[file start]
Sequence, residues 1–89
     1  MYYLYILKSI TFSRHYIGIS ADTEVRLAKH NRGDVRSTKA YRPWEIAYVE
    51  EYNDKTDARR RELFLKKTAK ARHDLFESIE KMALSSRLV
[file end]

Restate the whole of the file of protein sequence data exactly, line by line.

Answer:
Sequence, residues 1–89
     1  MYYLYILKSI TFSRHYIGIS ADTEVRLAKH NRGDVRSTKA YRPWEIAYVE
    51  EYNDKTDARR RELFLKKTAK ARHDLFESIE KMALSSRLV